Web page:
Dual acting polymeric nano-aggregates for liver cancer therapy

Wejdan Al Shakarchi, Ali Alsuraifi, Anthony Curtis, Clare Hoskins

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4 Citations (Scopus)
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Liver cancer treatments are often hindered by poor drug physicochemical properties, hence there is a need for improvement in order to increase patient survival and outlook. Combination therapies have been studied in order to evaluate whether increased overall efficacy can be achieved. This study reports the combined treatment of liver cancer cells with a combination treatment of chemotherapeutic agent paclitaxel and pro-apoptotic protein cytochrome C. In order to administer both agents in a single formulation, a poly(allylamine)-based amphiphile has been fabricated with the incorporation of a hybrid iron oxide-gold nanoparticle into its structure. Here, the insoluble paclitaxel becomes incorporated into the hydrophobic core of the self-assemblies formed in an aqueous environment (256 nm), while the cytochrome C attaches irreversibly onto the hybrid nanoparticle surface via gold-thiol dative covalent binding. The self-assemblies were capable of solubilising up to 0.698 mg/mL of paclitaxel (700-fold improvement) with 0.012 mg/mL of cytochrome C also attached onto the hybrid iron oxide-gold nanoparticles (HNPs) within the hydrophobic core. The formulation was tested on a panel of liver cancer cells and cytotoxicity was measured. The findings suggested that indeed a significant improvement in combined therapy (33-fold) was observed when compared with free drug, which was double the enhancement observed after polymer encapsulation without the cytochrome C in hepatocellular carcinoma (Huh-7D12) cells. Most excitingly, the polymeric nanoparticles did result in improved cellular toxicity in human endothelian liver cancer (SK-hep1) cells, which proved completely resistant to the free drug.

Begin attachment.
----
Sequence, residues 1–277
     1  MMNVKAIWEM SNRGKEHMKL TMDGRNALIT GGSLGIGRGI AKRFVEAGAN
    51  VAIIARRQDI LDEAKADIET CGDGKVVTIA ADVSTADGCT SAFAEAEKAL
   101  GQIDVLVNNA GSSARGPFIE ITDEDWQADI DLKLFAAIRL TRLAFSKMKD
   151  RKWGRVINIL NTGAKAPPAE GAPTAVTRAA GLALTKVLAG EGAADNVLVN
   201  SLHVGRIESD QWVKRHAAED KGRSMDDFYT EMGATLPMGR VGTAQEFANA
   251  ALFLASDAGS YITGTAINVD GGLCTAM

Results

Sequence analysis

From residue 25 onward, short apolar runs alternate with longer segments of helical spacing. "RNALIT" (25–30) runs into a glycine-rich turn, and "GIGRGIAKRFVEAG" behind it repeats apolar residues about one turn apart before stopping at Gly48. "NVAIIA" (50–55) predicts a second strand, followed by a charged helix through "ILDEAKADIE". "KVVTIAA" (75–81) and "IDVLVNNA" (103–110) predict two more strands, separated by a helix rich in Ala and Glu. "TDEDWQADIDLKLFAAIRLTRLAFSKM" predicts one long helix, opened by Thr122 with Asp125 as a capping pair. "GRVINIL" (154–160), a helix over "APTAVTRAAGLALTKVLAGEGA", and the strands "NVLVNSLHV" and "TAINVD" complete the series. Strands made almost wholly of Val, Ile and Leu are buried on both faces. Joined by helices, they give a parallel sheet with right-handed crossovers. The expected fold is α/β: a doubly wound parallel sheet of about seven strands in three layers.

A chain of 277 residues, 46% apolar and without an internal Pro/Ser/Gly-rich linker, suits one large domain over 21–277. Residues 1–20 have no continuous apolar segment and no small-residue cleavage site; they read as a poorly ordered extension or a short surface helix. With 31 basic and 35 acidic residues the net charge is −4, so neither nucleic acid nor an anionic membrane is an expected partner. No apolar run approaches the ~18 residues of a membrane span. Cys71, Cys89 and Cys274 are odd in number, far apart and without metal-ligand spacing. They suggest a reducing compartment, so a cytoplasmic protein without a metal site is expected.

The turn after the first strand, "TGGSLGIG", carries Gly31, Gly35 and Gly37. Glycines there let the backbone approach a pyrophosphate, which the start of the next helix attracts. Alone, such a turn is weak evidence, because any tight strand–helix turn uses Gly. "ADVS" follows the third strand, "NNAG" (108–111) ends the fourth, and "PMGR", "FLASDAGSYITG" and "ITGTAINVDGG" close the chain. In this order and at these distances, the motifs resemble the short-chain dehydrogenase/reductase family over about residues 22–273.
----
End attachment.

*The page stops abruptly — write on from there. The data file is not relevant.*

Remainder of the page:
Original languageEnglish
Article number63
Number of pages13
Issue number2
Publication statusPublished - 26 May 2018


  • combination therapy
  • paclitaxel
  • liver cancer
  • hybrid nanoparticles
  • drug delivery


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